Reporting for your practical test
When attending for your practical test you must produce certain documents and have an appropriately insured and licensed vehicle suitable for the test. Make sure you have these documents available when the examiner calls your name.
At the driving test centre
- no licence
- no photo
means no test, and you lose your fee
You must bring the following items with you – if you don’t, the Driving Standards Agency (DSA) may refuse to carry out the test and you may lose your fee:
- an appropriately insured and licensed vehicle, displaying L-plates (except for taxi and Approved Driving Instructor (ADI) part two tests), that is suitable for the purpose of the test
- the appropriate theory test pass certificate (or confirmation) if you are not exempt; for lorry or bus theory tests, you’ll need to bring both your multiple choice and hazard perception pass letters or your overall theory test pass certificate letter
- your appointment letter or a printed version of your email confirmation
- both parts of your photo card licence – if you don’t take both parts of your licence, your test will not take place and you’ll lose your fee
- if you have an old-style paper licence, you must take your signed driver licence and a valid passport – no other form of photographic identification will be accepted
- for both modules of the motorcycle test you must present your compulsory basic training certificate (CBT)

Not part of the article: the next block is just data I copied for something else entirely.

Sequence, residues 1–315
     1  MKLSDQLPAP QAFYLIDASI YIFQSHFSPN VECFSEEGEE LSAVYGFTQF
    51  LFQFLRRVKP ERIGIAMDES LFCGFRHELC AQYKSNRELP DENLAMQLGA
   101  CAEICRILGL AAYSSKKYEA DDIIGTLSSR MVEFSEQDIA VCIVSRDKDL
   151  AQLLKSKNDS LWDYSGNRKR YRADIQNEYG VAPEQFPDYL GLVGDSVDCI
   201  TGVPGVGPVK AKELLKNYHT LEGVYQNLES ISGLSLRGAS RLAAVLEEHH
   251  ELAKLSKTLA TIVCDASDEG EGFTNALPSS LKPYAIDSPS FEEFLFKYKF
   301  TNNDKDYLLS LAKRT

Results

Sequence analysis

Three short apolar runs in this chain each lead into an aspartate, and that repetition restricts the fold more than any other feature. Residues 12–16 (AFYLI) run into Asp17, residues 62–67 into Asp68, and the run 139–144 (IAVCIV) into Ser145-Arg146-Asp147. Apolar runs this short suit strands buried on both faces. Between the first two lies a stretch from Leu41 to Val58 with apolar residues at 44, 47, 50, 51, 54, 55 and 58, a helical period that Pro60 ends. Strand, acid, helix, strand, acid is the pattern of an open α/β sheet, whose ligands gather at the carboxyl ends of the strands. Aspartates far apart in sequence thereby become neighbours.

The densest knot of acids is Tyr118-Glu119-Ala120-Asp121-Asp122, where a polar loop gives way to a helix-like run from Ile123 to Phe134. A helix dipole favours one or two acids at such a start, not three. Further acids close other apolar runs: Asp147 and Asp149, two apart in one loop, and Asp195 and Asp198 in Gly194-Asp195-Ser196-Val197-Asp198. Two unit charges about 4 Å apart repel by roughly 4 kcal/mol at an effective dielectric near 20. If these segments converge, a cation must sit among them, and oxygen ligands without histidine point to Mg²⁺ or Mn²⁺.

- for module two of the motorcycle test you must present your motorcycle module one test pass certificate
If you misplace your driving licence, you must apply for a replacement from the Driver and Vehicle Licensing Agency (DVLA), which could take up to 15 days. If this happens, you may have to rearrange your test.
Practical test candidate impersonation
Please beware of anyone offering to have someone impersonate you and take your practical driving or riding test for you.
Practical test candidate impersonators, and candidates who accept their services, are breaking the law, and causing other road users to be put at risk.
The DSA Fraud & Integrity Team thoroughly investigate every case of suspected impersonation, and work closely with police to identify offenders and take them to court. A number of impersonators and candidates have been convicted in the criminal courts, and sentenced.